Mommy makeovers, body lifts for seniors and an increasing demand for male plastic surgery procedures were some of the top cosmetic surgery trends in 2008, but there is one segment of the population that may soon be driving demand for many sought-after procedures.
Teenagers anxious to improve their looks are setting their sights on liposuction, body sculpting and other extensive cosmetic procedures at an alarming rate.
The American Society for Plastic Surgery reports that over 205,000 procedures were performed on individuals 18 years or younger in 2007, a dramatic increase from the 59,000+ procedures performed on youth in 1997. The most sought-after procedures were liposuction and breast augmentation, and the months preceding Spring Break season seem to be the 'peak season' for teenage cosmetic surgery.
The New York Times recently reported on the rising trend, highlighting the fact that skin care regimens and body sculpting treatments once reserved for adults are making their way onto the average teenager's wishlist. Self-esteem seems to be the trigger for this increasing demand, and teenagers who are especially vulnerable to low self-esteem and becoming preoccupied with their appearance may be the first to latch onto the latest cosmetic procedure.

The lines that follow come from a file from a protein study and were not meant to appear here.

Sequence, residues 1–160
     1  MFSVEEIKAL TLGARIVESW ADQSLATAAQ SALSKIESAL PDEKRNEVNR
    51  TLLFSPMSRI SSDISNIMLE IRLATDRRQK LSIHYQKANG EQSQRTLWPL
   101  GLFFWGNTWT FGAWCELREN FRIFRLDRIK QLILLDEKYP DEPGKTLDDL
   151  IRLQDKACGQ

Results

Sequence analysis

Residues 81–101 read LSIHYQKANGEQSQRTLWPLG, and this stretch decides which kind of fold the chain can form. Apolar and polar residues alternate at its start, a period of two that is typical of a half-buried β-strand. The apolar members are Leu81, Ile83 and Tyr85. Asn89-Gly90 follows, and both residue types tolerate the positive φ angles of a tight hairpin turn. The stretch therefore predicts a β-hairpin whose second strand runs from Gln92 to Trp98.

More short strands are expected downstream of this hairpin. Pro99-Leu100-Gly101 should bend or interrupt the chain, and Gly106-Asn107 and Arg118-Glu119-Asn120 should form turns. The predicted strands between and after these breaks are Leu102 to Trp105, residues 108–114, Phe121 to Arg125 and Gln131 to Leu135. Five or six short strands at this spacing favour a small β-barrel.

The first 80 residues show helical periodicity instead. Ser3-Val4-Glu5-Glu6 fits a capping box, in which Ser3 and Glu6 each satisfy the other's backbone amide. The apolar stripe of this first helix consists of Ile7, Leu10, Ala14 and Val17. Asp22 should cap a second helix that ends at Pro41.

Corrective surgery is understandable for those who have experienced an injury or want to correct a deformity; however, surgeons conducting the consultation need to ask specific questions to find out if the if the procedure is being performed strictly to boost self-esteem. If the patient is under 18 years of age, the parents play an influential role in the process; they must approve the surgery and sign consent forms after meeting with the doctor in person.
Still, many parents are approving cosmetic procedures such as breast implants, liposuction and body contouring for their teens, even if it is to give the teenager's self-esteem a boost. Dr. Rick Nauert, senior news editor of PsychCentral.com explains that recipients of elective procedures do report several positive psychological benefits after undergoing surgery solely for cosmetic procedures. (Source: PsychCentral.com)